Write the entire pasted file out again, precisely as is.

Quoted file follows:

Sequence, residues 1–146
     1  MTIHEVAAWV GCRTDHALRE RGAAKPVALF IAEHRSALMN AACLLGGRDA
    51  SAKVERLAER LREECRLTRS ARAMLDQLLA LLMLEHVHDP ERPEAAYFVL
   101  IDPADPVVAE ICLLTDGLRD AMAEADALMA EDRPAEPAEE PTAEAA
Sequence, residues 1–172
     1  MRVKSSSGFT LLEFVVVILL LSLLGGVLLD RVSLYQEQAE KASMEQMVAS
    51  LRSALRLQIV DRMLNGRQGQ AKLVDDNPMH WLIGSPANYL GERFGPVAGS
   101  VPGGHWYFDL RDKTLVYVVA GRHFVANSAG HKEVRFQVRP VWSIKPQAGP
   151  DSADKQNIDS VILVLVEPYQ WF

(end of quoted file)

Sequence, residues 1–146
     1  MTIHEVAAWV GCRTDHALRE RGAAKPVALF IAEHRSALMN AACLLGGRDA
    51  SAKVERLAER LREECRLTRS ARAMLDQLLA LLMLEHVHDP ERPEAAYFVL
   101  IDPADPVVAE ICLLTDGLRD AMAEADALMA EDRPAEPAEE PTAEAA
Sequence, residues 1–172
     1  MRVKSSSGFT LLEFVVVILL LSLLGGVLLD RVSLYQEQAE KASMEQMVAS
    51  LRSALRLQIV DRMLNGRQGQ AKLVDDNPMH WLIGSPANYL GERFGPVAGS
   101  VPGGHWYFDL RDKTLVYVVA GRHFVANSAG HKEVRFQVRP VWSIKPQAGP
   151  DSADKQNIDS VILVLVEPYQ WF